FTC Sues Walmart Alleging Money Transfer Services Fraud

Pittsburgh Consumer Fraud Attorneys at East End Trial Group Advocate for Clients Defrauded in Money Transfer Scams.

In late June, the Federal Trade Commission (FTC) announced filing a suit against Walmart for what they allege as years of money transfer services fraud. In recent years, the FTC has brought multiple cases against money transfer companies for not protecting consumers from fraud. According to the details of the suit, the FTC claims Walmart knowingly allowed the corporation’s money transfer services to be used by scammers who bilked customers out of hundreds of millions of dollars.

Additionally, the FTC alleges Walmart did not properly train employees, failed to warn customers, and allowed fraudsters to cash out in stores through Walmart’s unsafe procedures that granted access. The suit requests that the corporation be held accountable and ordered to return customers’ money along with imposing civil penalties for the violations.

Walmart offers several financial services, including credit card, check cashing, reloadable debit cards, and bill payments in addition to multiple money transfer services. Walmart serves as an agent for MoneyGram, Ria, and Western Union money transfer services, as well as their own brands, Walmart2Walmart and Walmart2World. All transfers in every store are handled by Walmart employees.

Money transfers, which allows people in different locations to send money to one another, are a frequent target of fraudsters. This is not the first time the FTC has targeted fraudulent money transfer scams. In recent years, the government watchdog has brought several cases against transfer services, including Western Union and MoneyGram, citing both companies failed to protect their customers.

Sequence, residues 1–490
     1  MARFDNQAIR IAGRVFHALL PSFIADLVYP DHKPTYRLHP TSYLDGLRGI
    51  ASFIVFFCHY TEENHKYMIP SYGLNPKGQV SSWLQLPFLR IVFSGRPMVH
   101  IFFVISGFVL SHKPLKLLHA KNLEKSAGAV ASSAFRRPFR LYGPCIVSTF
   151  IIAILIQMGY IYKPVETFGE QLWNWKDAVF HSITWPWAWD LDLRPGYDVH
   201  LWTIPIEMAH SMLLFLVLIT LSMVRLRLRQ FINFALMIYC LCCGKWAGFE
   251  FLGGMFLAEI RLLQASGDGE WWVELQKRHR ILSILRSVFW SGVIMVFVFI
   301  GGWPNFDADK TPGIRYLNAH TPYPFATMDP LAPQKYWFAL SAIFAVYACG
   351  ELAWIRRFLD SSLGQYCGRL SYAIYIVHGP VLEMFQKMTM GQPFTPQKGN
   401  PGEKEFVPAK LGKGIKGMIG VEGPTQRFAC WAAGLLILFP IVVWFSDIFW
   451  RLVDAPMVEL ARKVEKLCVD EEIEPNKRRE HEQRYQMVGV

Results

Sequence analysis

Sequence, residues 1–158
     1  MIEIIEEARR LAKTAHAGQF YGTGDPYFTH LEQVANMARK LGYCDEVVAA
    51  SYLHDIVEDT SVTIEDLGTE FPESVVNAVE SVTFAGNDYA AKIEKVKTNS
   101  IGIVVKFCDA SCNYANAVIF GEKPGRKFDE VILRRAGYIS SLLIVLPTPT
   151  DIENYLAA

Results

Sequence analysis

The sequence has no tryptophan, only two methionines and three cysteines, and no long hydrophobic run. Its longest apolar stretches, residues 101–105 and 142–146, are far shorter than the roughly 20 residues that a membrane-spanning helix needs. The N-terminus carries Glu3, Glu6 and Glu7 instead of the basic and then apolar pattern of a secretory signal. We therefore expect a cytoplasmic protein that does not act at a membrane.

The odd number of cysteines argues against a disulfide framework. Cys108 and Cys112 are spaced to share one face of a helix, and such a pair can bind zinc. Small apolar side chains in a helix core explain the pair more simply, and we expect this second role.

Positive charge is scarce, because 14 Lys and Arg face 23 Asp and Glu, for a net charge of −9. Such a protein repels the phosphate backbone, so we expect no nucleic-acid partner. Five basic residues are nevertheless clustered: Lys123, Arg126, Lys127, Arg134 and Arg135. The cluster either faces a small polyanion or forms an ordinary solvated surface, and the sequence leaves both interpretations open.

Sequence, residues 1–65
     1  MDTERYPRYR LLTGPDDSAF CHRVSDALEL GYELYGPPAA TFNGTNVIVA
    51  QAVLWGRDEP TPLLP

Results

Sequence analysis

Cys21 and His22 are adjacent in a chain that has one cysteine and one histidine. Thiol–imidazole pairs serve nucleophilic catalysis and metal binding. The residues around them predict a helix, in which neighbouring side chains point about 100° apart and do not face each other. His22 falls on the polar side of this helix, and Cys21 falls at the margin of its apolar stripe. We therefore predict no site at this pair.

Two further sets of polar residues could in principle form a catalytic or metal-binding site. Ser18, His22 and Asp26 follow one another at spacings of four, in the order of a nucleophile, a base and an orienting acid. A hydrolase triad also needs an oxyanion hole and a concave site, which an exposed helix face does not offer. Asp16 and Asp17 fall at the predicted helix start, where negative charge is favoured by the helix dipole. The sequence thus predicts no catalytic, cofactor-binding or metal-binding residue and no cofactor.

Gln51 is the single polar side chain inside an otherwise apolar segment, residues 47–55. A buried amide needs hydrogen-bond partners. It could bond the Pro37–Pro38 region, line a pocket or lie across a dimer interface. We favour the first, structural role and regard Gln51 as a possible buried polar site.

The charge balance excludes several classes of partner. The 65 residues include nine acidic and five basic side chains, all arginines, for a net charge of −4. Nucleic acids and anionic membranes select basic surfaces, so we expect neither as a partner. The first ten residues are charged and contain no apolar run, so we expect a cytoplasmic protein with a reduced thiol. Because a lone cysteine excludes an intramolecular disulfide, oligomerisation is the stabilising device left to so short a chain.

What Does the FTC Allege Is Walmart’s Role in Fraudulent Transfers?

The complaint cites fraudulent database information from MoneyGram, Western Union, and Ria show more than $197 million in payments sent from Walmart stores resulted in fraud complaints from 2013 to 2018, with an additional $1.3 billion in related payments believed to be connected to the fraud. The FTC accuses Walmart of looking the other way in order to collect millions of dollars in money transfer fees.

Numerous law enforcement investigations show that fraudsters relied almost exclusively on Walmart’s money transfer services as their primary source to receive payments in scams that included sweepstakes scams, relative-in-need grandparent scams, and scams involving thieves impersonating Internal Revenue Service personnel.

The FTC says Walmart knew of the investigations and related scams but failed to make changes to procedures or the transfer service companies that Walmart represents, harming customers in numerous ways, such as:

  • Permitting suspicious payouts: According to the FTC, Walmart’s own earlier policies state that employees must issue payouts even if the transaction appears suspicious. Such a policy leaves the door open for scammers to easily secure fraudulent proceeds in any Walmart store in the country. The company began training employees to spot and deny fraudulent payouts in 2017, but only in a limited number of stores.
  • Poor policies: The FTC alleges that Walmart did not have written policies regarding anti-fraud or consumer protection programs until 2014, but cites the company continued to have an ineffective program, violated its own policies and those of their money transfer services partners.
  • Large cash payments: Unlike other businesses that offer money transfer services, Walmart permits large cash payouts, according to the FTC complaint, and lax security measures that allowed many fraudsters to receive their payments using fake identification.
  • Warning information materials: The FTC alleges that Walmart did not provide consumers with required materials warning of potential scams, nor displayed any such information, at many of its locations. Such material is designed to inform and educate customers to prevent them from sending money to scammers. Additionally, according to the complaint, Walmart discontinued paper sending forms that included safety information and replaced the form with a printout that contains limited small print warning information instead.
  • Telemarketing purchases: In 2016, the FTC enacted the Telemarketing Sales Rule, which prohibits the use of money transfers to pay for telemarketing purchases, which are associated with high fraud risks. Walmart has not complied with the provision, according to the complaint.